Finding hope in a time of pandemic: How Hampton Roads artists are handling quarantine

With nearly a month of social distancing under our belts, it’s almost certain that most of us are in need of a little pick-me-up.

In times of uncertainty and discomfort, we often turn to the arts for distraction and relief. Like most things these days, the pandemic has made doing so a bit more difficult.

In this temporary world where concerts, movie screenings and art shows are banned for the foreseeable future, the artists who not long ago sat center stage are often still creating, practicing and sharing their efforts with the world.

We’ve asked local artists — from symphony musicians, rock singers and mural artists — to share their insights with us and tell us about what keeps their creative juices flowing and feeling hopeful.

Tom Reel
Bass player with the Virginia Symphony Orchestra

How artists are using their senses stay inspired in a time of isolation

Sight: The azaleas in the back yard are in full bloom.

Smell: It’s a good season for opening the windows — fresh air!

Hearing: With the windows open and the bird-feeders stocked, nature provides some music during the day, and at night I like to listen to old favorites (classical and Broadway, mostly) and also discover something new on occasion.

Taste: I am so not a chef! Fish sticks, pesto, lentils, lots of rice and pasta. Boring!

Touch: Actually practicing (double bass) a bit more even with no concerts on the near horizon. An old friend and good company.

What are you finding joy in during this time?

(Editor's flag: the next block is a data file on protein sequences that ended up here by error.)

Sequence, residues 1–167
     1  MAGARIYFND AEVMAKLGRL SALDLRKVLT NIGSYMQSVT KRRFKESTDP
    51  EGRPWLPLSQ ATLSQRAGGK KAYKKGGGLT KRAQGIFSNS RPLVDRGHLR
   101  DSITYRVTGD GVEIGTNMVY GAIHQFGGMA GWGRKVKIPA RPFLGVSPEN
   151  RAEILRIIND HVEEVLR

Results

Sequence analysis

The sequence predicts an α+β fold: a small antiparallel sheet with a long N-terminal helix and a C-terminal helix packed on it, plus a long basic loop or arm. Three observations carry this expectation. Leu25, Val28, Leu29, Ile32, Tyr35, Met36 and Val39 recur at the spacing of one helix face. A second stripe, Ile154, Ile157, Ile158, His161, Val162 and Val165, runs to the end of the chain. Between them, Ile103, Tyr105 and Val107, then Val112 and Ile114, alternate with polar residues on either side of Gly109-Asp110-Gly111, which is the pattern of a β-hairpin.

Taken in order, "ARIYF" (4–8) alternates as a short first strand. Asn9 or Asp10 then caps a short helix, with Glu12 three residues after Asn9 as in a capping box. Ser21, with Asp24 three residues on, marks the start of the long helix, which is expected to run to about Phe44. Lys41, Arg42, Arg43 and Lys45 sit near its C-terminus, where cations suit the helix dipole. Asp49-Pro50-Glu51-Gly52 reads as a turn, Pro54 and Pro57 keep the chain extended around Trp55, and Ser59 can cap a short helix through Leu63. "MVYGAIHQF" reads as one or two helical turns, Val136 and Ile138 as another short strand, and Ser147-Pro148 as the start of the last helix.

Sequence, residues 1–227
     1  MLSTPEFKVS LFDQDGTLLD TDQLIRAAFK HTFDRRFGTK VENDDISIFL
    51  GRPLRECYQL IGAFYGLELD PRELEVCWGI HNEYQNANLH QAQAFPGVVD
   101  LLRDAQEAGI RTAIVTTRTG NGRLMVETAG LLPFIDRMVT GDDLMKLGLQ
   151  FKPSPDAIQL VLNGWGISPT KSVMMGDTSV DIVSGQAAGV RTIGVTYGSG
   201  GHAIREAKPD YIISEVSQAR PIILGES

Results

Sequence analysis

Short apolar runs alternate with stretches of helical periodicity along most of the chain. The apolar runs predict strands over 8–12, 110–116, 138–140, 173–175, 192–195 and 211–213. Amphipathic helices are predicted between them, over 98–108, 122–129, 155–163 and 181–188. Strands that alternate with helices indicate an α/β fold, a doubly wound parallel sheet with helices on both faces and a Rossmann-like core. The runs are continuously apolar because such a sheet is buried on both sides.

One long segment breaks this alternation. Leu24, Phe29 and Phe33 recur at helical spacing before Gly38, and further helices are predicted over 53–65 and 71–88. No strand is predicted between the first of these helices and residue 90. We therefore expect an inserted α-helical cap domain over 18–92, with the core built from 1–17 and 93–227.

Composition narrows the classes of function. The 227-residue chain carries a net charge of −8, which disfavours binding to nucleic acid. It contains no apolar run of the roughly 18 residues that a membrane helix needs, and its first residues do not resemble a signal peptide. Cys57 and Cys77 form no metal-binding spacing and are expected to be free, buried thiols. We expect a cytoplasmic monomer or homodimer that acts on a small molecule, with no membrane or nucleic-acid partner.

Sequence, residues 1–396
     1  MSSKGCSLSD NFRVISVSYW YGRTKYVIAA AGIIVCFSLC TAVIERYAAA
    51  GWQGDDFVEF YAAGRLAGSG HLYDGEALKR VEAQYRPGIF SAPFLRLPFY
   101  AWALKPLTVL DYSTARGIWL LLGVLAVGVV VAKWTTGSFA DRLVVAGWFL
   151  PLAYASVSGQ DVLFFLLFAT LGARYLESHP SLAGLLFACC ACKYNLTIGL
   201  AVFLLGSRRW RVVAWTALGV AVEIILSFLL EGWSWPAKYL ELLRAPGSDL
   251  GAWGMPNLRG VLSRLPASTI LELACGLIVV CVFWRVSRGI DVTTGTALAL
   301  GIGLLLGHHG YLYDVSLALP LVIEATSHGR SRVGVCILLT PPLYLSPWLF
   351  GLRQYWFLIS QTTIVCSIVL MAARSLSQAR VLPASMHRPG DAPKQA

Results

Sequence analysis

I’m watching classic historic baseball games on television. And if there sometimes appears to be a vacuum of leadership or goodwill where we might expect to find it, it is made up in the generosity and love and creativity to be found in everyday people. I’m especially hopeful for our future when I come across talented kids. They are more than the light at the end of the tunnel. They are the light in the tunnel!

 

Tanner Antonetti
Trombone player with the Virginia Symphony Orchestra

How artists are using their senses stay inspired in a time of isolation

Sight: I have a dog, so I usually walk around Ghent. Lately, it’s been surprisingly beautiful to walk around Colley Avenue at night. It’s unusually quiet, but still lit up as if everything is open.

Smell and taste: Before this, I was a pretty big wine nerd but now I definitely have the time to learn even more. As I have more time to have a more meaningful dinner ritual at home, I’m taking the time to allow myself to really taste and smell a nice glass of wine, patiently and without expectation.

Hearing: As predictable as it seems, I’ve been recalibrating my ear to the best recordings of trombone that I can find. I was worried going in to this unexpected time-off that I would have a lull in my motivation, but quite the opposite has happened. I feel like the more I listen to the classical music that I love and the musicians I admire, the more I want to take advantage of the time I have to delve further into my own development.

Touch: The first thing that comes to mind is my dog. His name’s Charlie, and I think he’s pretty happy to have more of mine and my fiancee’s attention. He sheds like you wouldn’t believe, but his hair is really soft and he’s a pretty handsome pup.

What are you finding joy in during this time?

The Confucius quote about everything having beauty but not everyone seeing it has been a pervasive thought lately. The ability to slow down in just about every aspect of my daily life has given me the opportunity to seek out the beauty in the everyday. The first coffee in the morning, cooking dinner at home, walking around my neighborhood. All without the seeming urgency of a clock ticking. I suppose my schedule for these things isn’t all that different from my life before this time, and I’m certainly not sleeping in all day and then just walking around for hours. But the lifted weight of having to be here or there at a certain time, having to rush in the mornings to walk the dog, make breakfast, “find” time for myself away from the job portion of my art. Because of that, I seem to be finding a silver lining as I let things slow down.

 

Anna Bishop
Violinist for the Virginia Symphony Orchestra

What songs are you listening to?